The new coronavirus exposed the incredibly uneven distribution of life-saving medical equipment worldwide. Ventilators are an essential tool in the treatment of respiratory diseases, including severe cases of COVID-19, but in 41 African countries there are less than 2,000 ventilators serving hundreds of millions of people.
A recent New York Times investigation found that 10 African countries do not have fans. From masks and gloves to kits and diagnostic supplies, countries that are already vulnerable are under-equipped, even under "normal" circumstances.
Now, the pandemic has aggravated what was already a serious problem, breaking supply chains and stimulating inventory among those who can afford it. Nations without the influence or wealth to secure orders for protective equipment, diagnostics and medical devices find their response severely limited to this pandemic. Weak health systems are quickly overwhelmed, leaving millions to choose between the risk of coronavirus infection or previous treatment in clinics for other critical health conditions.
This dire situation brings with it an unprecedented opportunity to increase local production capacity across the developing world, enabling countries to ensure that their populations get the equipment they need. Doing so will not only support an immediate response to this pandemic, but will create health systems and more resilient supply chains in the future.
Currently, local production of essential equipment in some developing countries – particularly for personal protective equipment, diagnostics and medical devices – is very limited due to a lack of access to information, technical knowledge and regulatory guidance. Countries rely heavily on international supply chains for these products, which can lead to challenges when global demand increases and supply is limited.
Faced with COVID-19, the public and private sectors must come together to provide crucial knowledge and technology to enable countries and regions to develop their own manufacturing capabilities. The global economy cannot fully recover until all countries can identify and care for those infected with the virus, a fact that reinforces the fact that there is no binary choice between lives and livelihoods. The only way to recover the world economy is to build unity, share knowledge and technology and ensure that together we slow the spread of the virus, accelerating research and development in diagnostics, treatments and vaccines.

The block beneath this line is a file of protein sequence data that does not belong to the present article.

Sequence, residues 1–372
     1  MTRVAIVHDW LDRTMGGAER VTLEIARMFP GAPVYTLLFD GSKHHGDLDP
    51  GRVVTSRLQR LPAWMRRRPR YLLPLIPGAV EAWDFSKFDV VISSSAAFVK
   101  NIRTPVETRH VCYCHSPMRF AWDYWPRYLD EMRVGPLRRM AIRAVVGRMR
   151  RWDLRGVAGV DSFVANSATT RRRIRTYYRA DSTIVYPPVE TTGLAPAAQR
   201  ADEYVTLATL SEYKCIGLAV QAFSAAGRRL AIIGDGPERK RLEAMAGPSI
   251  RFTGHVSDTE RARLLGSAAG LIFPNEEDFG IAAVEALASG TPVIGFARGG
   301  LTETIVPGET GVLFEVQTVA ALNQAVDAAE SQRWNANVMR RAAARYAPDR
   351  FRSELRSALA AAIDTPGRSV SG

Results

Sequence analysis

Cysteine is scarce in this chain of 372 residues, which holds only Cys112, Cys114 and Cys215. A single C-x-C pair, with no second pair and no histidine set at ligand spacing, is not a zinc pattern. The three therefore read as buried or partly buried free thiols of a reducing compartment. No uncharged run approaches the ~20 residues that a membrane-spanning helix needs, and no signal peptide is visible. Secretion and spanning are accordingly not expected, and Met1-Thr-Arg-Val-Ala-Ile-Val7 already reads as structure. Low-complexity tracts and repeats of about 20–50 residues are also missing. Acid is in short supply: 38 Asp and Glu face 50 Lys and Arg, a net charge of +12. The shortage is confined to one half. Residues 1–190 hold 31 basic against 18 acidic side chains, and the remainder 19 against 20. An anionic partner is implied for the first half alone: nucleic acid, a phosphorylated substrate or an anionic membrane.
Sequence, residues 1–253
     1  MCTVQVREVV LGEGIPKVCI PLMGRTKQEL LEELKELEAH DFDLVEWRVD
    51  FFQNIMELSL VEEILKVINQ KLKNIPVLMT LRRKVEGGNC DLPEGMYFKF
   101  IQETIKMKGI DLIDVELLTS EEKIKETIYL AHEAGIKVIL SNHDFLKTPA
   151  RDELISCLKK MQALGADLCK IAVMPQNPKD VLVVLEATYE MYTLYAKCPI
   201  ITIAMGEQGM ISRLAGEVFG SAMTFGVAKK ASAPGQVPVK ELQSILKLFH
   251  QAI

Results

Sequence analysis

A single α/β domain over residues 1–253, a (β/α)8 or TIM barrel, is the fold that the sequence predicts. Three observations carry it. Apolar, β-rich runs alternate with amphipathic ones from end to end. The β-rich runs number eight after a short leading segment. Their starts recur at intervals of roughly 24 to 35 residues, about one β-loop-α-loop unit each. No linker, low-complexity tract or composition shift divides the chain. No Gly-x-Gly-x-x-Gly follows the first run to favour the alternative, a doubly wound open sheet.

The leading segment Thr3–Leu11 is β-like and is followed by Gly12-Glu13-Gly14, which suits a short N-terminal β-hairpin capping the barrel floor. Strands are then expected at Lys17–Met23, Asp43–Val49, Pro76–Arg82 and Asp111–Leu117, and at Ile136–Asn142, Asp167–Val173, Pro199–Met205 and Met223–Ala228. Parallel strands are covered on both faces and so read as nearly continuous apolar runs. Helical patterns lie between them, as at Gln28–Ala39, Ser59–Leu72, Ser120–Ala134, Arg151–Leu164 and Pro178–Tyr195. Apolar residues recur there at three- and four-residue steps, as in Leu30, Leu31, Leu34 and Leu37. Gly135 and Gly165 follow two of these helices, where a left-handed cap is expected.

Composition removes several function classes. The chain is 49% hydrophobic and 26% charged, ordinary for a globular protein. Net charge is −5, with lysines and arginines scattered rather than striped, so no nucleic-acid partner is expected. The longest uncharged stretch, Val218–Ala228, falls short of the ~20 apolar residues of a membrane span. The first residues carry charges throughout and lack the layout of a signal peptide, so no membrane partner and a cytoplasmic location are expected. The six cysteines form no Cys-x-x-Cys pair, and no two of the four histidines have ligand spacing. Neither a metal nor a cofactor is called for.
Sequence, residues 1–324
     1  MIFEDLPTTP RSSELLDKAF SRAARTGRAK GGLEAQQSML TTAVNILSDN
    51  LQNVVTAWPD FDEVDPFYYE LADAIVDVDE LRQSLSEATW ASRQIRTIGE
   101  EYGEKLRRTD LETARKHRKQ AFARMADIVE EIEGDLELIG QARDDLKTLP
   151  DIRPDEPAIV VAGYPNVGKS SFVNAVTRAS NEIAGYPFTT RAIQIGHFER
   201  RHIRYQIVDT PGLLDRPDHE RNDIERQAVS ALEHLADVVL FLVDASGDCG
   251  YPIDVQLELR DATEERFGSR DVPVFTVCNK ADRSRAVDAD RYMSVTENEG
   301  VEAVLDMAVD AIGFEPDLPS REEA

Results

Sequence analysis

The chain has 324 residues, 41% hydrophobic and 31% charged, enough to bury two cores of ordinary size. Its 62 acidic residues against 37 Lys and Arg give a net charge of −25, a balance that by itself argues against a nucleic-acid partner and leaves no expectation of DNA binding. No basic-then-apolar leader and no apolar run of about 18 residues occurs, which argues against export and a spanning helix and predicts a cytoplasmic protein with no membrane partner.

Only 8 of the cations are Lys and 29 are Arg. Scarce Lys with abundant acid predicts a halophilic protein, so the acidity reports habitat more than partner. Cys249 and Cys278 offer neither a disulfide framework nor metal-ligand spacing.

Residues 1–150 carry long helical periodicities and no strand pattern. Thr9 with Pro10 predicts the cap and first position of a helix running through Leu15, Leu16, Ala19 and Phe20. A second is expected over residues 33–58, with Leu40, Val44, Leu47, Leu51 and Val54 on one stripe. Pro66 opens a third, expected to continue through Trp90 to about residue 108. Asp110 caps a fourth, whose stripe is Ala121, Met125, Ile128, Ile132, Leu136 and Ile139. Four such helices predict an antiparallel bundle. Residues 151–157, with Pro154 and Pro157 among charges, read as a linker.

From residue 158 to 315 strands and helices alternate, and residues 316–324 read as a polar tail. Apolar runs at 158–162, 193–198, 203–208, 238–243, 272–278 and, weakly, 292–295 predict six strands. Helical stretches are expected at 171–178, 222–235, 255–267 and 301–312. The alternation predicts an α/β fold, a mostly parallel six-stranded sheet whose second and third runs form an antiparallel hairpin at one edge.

This is already happening on an ad hoc basis. Medical device company Medtronic recently announced that it would make all design specifications and production manuals for one of its ventilators free. Other public and private innovators have made important commitments to open innovation models and have pledged to share their knowledge and technology. However, adequate global coordination is needed to maximize the potential impact – both in the short and long term.
This is the driving force behind the Tech Access Partnership (TAP), a new platform created by the UN Technology Bank, with the support of the UN Development Program, the World Health Organization and the United Nations Conference on Trade and Development. TAP will connect global innovators, manufacturers, universities and others with local manufacturers in developing countries to share data, knowledge, design specifications and other relevant information and support. Created in 2016 by the United Nations General Assembly, with a specific mandate to strengthen the science, technology and innovation capacity of the least developed countries, the UN Bank of Technology and its main partners are offering a new solution to overcome barriers and ensure a quality health technology reaches those who need it most.
For countries and local businesses to take full advantage of this available technology, access to financial support is still required. In the future, the new partnership aims to provide opportunities for manufacturers from developing countries to secure the necessary financing to redefine and expand local production through collaborations with international financial institutions.
In the face of a global pandemic, we all have a role to play. For TAP to be successful, governments, the private sector, civil society and development partners must do their part to resolve the critical shortage of supplies and equipment.
At the turn of the century, with the prospect of millions of people dying of AIDS due to lack of access to antiretrovirals, activists around the world pressured governments to put lives above profits. Working with generic manufacturers in the Global South, generic versions of antiretrovirals have been mass produced and estimates suggest that more than 10 million lives have been saved.
We are once again at a time when ensuring that people have access to life-saving health technologies – from masks, ventilators and tests – is critical to the health of the world. This unprecedented crisis requires an equally exceptional response, which unites sectors and enables the world's poorest countries to build their own capacity, making them stronger and more resilient now and in the future.
The road to recovery will be long and difficult. But we know that to get there, we need to go together. By acting together now, we can resolve the systemic bottlenecks that prevent the poorest and most marginalized communities from accessing life-saving health technologies and equipping them with the tools necessary to build a better future.
- Setipa is managing director of the UN Technology Bank.